1. Cooper has have 2-wire AND 3-wire dimmers. If you have neutrals at your switch locations, install the 3-wire types. That way, the switch will always remain active in the network, even if the load drops out (ie bulb burns out). Leviton only offers 2-wire dimmers.
  2. The Cooper switches have a "delay-off" feature which, when set, allows you to cross the room and jump between the covers before the light goes out.
  3. The Cooper switches feature a "panic mode" which is designed to flash all switches in the home (except those programmed to exclude from this mode).
  4. The Cooper switches have a "child lockout" mode that either requires the switches to be operated with a special sequence of paddle taps or only allows the switches to be operated remotely.
  5. The Cooper switches have an onboard "away mode" that allows the user to schedule certain devices to turn on for a period of time when on vacation or away from home.
  6. Cooper dimmer switch ramp rate is remotely configurable (via software) and our software can globally adjust ramp rates for selected rooms or floors; Leviton ramp rate must be changed at the switch.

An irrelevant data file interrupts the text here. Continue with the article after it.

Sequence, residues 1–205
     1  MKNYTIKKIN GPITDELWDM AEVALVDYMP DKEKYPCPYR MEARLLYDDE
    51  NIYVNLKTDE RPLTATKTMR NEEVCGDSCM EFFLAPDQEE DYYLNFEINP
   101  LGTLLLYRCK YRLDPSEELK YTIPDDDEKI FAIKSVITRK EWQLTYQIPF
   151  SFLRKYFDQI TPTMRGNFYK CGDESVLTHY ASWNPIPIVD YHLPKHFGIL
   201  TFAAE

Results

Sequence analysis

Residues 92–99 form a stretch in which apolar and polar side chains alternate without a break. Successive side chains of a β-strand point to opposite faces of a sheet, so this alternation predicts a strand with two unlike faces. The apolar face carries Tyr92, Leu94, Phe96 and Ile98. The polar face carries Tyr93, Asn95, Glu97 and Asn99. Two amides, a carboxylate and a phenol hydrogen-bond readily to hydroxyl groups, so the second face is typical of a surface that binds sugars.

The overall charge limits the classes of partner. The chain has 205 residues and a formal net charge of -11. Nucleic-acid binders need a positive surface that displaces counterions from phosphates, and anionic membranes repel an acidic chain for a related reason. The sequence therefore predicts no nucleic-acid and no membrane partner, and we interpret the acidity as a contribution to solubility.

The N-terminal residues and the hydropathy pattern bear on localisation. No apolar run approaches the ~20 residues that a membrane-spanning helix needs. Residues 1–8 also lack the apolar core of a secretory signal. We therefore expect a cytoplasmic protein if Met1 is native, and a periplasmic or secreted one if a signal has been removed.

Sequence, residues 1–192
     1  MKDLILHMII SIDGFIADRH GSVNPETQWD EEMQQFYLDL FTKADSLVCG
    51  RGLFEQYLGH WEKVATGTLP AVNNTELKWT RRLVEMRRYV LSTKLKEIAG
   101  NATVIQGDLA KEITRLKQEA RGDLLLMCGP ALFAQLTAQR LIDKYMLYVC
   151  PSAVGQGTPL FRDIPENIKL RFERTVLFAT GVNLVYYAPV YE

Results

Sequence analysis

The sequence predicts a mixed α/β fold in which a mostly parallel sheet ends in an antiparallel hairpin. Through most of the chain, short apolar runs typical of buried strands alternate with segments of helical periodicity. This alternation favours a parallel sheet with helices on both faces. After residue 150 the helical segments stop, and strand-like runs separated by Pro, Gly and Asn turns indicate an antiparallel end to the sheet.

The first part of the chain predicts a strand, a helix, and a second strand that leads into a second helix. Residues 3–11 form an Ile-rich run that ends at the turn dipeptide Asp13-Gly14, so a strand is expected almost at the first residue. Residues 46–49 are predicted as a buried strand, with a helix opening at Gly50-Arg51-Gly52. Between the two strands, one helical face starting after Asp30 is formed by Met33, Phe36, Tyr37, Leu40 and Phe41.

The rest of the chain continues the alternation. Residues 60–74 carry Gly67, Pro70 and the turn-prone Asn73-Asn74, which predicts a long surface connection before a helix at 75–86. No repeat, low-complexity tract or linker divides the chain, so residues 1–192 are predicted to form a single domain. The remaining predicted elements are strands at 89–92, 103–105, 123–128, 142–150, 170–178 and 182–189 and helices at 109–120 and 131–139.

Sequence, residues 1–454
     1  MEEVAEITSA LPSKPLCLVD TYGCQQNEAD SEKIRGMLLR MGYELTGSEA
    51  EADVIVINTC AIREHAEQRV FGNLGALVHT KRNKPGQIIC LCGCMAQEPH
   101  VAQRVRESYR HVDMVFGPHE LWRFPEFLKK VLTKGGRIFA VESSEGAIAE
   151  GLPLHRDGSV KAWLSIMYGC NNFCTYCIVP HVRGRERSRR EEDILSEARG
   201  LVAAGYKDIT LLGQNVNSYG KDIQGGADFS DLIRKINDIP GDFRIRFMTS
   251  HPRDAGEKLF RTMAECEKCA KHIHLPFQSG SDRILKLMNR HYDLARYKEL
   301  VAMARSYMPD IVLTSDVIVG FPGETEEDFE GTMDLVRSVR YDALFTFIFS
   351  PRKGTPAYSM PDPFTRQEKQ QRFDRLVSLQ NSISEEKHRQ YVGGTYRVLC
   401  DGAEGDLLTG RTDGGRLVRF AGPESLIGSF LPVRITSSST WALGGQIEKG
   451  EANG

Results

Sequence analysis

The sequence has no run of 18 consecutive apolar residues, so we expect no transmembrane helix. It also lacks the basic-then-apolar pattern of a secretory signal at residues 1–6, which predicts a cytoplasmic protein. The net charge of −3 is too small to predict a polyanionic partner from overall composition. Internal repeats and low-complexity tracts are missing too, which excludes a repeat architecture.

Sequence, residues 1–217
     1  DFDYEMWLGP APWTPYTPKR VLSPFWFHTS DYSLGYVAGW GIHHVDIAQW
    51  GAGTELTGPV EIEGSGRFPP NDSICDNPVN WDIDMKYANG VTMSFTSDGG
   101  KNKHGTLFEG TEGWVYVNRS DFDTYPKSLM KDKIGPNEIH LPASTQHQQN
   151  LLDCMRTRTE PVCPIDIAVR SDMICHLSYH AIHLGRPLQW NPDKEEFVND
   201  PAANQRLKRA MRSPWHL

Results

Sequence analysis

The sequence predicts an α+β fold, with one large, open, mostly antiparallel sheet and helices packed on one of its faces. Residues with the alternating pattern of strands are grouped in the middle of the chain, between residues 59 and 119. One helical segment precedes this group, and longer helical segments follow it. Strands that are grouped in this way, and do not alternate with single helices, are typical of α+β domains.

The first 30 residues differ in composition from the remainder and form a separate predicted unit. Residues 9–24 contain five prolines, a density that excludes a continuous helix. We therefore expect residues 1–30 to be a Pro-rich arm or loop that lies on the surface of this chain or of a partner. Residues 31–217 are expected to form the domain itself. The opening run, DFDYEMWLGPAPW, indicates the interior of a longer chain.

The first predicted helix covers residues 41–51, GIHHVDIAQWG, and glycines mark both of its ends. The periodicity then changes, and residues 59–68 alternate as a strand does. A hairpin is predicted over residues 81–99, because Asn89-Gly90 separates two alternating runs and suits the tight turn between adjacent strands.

7. Cooper controllers support the full Z-Wave network specification (232 devices); Leviton controllers support up to 128 devices.


What Leviton offers:
  1. Leviton offers a fan speed switch (VRF01)
  2. Leviton offers load carrying scene and zone controllers (VRCS/CZ4-MRX); nice if you're replacing a load carrying switch with the controller.
  3. Leviton includes 3 paddle colors with each switch; Cooper colors must be specified at the time of order.


The build quality level is excellent for both brands - FYI.


Mark
 

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A few corrections and a suggestion...

1. Cooper has have 2-wire AND 3-wire dimmers. If you have neutrals at your switch locations, install the 3-wire types. That way, the switch will always remain active in the network, even if the load drops out (ie bulb burns out). Leviton only offers 2-wire dimmers.

Leviton offers both. If you order dimmers that can support either electronic ballast or magnetic ballast they use a neutral. These dimmers will work fine on incandescent loads or a mixture of electronic/magnetic ballast loads and incandescent loads. Electrinic and magnetic ballasts exist in many low voltage track and recessed can fixtures. These dimmers aren't cheap (twice the price of 2 wire model) but they do exist.

6. Cooper dimmer switch ramp rate is remotely configurable (via software) and our software can globally adjust ramp rates for selected rooms or floors; Leviton ramp rate must be changed at the switch.